Banner for LabNotes
From Lab Notes
Contact Information
Forest Products Laboratory
One Gifford Pinchot Drive
Madison, WI 53726-2398
Phone: (608) 231-9200
Fax: (608) 231-9592


View all Research Highlights

Genetic basis of lignocellulose degradation

White rot fungus, Panerochaete chrysosporium colonizing wood chips.
White rot fungus, Panerochaete chrysosporium colonizing wood chips.
Snapshot: Exploiting the recent availability of fungal genomes, Forest Service researchers have developed computational approaches for the identification of key wood decay enzymes.

Certain wood decay fungi have evolved the capacity to efficiently degrade all the major components of cell walls, including cellulose and the recalcitrant polymer, lignin. Collectively referred to as "white rot" fungi, these microbes play a key role in forest carbon cycles. The unique enzymes have attracted considerable attention for their industrial potential in the bioconversion of woody biomass to useful chemicals. Nevertheless, considerable uncertainty remains regarding the identification, roles and interactions among the extracellular proteins produced by these filamentous fungi. Addressing this issue, Forest Service scientists and their collaborators compared the genomes of 62 fungi and identified 409 gene families that correlated with white rot decay. Some of these families were previously associated with the degradation of cellulose and lignin, while others were related to detoxification and transport processes, and still others had yet unknown function. Corroborated by patterns of gene regulation, these results provide a framework for selecting more efficient enzymes of value in bioprocess development.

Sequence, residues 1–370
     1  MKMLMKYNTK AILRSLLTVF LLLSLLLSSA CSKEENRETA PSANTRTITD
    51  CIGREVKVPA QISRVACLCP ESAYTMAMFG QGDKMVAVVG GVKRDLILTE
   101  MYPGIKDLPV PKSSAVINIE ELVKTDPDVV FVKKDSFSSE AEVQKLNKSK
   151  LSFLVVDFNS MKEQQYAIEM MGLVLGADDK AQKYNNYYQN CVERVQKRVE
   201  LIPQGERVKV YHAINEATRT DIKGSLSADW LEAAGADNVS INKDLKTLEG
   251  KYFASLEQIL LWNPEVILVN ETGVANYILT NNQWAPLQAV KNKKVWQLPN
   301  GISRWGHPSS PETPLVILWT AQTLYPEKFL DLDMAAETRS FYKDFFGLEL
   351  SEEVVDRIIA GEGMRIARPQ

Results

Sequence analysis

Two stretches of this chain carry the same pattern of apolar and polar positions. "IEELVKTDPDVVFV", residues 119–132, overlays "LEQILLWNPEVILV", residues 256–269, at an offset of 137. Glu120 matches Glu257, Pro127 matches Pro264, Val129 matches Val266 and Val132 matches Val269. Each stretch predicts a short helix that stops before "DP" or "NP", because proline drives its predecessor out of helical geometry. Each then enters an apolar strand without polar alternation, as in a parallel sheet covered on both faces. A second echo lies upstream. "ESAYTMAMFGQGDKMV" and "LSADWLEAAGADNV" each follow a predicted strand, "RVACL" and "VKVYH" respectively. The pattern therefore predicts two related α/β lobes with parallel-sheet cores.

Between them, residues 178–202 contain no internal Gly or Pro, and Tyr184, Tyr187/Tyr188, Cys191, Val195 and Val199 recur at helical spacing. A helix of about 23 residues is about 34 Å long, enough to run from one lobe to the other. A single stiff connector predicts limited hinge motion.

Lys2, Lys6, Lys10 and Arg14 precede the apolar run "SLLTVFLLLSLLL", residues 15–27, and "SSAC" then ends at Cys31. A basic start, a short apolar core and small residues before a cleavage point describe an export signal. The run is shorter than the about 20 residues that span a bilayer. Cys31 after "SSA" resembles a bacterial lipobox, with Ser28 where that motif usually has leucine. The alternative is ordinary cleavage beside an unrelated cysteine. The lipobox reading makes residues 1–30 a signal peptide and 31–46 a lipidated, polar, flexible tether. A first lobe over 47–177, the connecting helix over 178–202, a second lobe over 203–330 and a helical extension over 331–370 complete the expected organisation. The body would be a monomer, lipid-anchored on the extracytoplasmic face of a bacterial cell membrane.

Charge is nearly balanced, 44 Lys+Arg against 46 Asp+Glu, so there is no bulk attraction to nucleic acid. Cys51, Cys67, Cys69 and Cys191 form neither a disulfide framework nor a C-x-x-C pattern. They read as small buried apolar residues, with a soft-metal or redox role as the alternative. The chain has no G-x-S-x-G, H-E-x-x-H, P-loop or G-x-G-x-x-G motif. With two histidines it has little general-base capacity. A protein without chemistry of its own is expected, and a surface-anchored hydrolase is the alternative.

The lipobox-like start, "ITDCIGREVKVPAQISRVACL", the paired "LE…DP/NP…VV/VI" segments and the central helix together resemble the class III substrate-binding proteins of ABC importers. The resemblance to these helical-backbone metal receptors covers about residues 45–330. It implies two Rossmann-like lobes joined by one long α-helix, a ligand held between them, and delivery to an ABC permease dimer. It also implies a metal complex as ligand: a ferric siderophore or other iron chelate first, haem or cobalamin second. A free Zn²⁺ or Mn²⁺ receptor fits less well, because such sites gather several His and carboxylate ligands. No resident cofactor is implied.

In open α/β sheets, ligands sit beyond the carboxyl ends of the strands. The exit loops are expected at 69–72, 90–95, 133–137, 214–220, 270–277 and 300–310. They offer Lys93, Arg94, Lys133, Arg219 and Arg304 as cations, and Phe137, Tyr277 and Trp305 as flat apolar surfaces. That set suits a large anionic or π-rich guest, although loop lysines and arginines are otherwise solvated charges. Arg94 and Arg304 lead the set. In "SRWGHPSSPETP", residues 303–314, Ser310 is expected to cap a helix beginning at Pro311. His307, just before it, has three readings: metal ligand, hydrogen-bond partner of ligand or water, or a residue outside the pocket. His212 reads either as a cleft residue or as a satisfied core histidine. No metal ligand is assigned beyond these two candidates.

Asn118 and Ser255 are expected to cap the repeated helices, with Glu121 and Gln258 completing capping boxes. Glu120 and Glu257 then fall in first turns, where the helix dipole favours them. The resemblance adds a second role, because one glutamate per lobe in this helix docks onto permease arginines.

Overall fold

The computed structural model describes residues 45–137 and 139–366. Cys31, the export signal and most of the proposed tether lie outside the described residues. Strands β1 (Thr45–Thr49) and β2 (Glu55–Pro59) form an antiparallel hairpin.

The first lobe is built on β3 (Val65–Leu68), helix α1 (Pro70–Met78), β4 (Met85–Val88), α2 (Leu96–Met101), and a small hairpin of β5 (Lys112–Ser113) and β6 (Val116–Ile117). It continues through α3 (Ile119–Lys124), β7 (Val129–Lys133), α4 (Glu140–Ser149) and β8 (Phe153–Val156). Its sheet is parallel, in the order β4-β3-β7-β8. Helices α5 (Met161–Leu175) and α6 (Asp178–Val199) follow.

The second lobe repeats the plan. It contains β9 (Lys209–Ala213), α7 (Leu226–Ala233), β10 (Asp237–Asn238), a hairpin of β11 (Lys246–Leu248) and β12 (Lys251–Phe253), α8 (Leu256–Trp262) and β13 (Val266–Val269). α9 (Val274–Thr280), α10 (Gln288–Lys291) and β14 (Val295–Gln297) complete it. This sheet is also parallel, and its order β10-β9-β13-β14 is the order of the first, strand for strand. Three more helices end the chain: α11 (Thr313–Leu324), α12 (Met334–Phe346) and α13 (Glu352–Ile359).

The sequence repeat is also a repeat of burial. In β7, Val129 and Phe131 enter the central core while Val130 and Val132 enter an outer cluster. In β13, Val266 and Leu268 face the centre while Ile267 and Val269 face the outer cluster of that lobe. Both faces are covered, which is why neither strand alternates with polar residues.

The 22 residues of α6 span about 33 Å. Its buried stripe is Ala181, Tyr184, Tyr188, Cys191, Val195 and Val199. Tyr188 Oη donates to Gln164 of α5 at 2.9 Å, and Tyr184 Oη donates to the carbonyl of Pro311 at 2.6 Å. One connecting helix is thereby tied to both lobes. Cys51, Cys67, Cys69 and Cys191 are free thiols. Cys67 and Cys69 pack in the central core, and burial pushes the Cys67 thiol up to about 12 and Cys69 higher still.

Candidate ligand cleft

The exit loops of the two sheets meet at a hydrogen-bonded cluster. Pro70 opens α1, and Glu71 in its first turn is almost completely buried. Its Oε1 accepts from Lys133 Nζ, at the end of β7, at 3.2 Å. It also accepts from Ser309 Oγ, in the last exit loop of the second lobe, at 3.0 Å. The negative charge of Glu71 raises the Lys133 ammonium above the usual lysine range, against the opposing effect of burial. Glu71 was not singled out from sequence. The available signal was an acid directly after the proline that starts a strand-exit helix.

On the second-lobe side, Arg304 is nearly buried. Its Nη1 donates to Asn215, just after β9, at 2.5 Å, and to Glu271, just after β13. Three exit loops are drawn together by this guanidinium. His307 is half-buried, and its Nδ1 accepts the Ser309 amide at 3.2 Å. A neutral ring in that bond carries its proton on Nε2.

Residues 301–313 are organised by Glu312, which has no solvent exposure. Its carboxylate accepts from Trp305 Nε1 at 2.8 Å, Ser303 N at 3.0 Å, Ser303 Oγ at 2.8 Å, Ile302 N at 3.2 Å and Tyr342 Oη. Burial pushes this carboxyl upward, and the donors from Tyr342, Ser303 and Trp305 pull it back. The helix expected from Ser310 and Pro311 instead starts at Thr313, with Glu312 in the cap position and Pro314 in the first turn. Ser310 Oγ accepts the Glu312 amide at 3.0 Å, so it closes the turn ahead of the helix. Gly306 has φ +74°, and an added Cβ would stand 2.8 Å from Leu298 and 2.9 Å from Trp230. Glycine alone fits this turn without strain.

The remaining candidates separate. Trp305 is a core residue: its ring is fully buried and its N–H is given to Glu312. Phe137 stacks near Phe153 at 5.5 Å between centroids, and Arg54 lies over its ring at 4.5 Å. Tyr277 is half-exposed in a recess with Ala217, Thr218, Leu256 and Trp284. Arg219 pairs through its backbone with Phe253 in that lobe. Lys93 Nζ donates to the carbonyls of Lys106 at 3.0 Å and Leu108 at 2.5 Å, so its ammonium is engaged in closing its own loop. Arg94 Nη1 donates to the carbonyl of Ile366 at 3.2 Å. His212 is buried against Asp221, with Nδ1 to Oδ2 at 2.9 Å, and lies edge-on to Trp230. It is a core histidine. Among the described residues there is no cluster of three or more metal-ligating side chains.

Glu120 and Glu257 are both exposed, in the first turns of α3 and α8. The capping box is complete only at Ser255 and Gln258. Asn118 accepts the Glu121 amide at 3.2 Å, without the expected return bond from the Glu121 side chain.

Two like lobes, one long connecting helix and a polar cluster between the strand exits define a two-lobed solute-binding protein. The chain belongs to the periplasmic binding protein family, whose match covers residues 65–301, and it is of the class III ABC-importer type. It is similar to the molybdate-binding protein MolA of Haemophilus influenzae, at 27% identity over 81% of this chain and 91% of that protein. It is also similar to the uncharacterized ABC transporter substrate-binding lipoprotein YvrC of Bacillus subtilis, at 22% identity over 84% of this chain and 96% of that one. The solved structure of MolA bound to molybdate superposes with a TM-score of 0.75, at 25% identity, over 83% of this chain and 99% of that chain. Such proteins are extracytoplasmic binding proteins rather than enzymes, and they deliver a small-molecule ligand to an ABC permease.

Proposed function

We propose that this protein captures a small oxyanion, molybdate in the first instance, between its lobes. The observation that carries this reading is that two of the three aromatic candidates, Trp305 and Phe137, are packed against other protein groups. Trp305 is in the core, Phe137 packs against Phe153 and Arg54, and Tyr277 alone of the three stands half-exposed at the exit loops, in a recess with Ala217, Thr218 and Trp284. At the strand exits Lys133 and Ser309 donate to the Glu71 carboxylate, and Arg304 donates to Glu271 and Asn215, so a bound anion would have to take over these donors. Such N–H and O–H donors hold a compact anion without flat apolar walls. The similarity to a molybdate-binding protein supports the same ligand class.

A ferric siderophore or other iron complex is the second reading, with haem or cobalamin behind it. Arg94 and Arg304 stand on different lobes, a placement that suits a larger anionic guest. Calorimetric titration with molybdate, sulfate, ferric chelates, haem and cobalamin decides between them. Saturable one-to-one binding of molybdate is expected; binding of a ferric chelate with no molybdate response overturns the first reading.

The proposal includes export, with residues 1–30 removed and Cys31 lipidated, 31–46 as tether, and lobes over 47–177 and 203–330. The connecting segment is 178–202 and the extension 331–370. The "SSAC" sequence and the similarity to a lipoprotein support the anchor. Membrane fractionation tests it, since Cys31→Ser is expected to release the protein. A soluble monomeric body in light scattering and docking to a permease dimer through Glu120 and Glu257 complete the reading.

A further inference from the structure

Princpal Investigator(s):
 Cullen, Daniel

Research Location:
  • Clark University
  • FPL
  • Universite Henri Poincare, Interactions Abres/Microorganismes
  • University of Wisconsin, Madison

Forest Service Partners:
  • Philip Bergmann and David S. Hibbett, Clark University, Worcester
  • Robert Riley and Igor V. Grigoriev, DOE-Joint Genome Institute, Walnut Creek, CA

External Partners:
  • Institute of Biochemistry, BRC-HAS, Szeged, Hungary

Fiscal Year: 2017
Highlight ID: 1295
Related Research Emphasis Areas: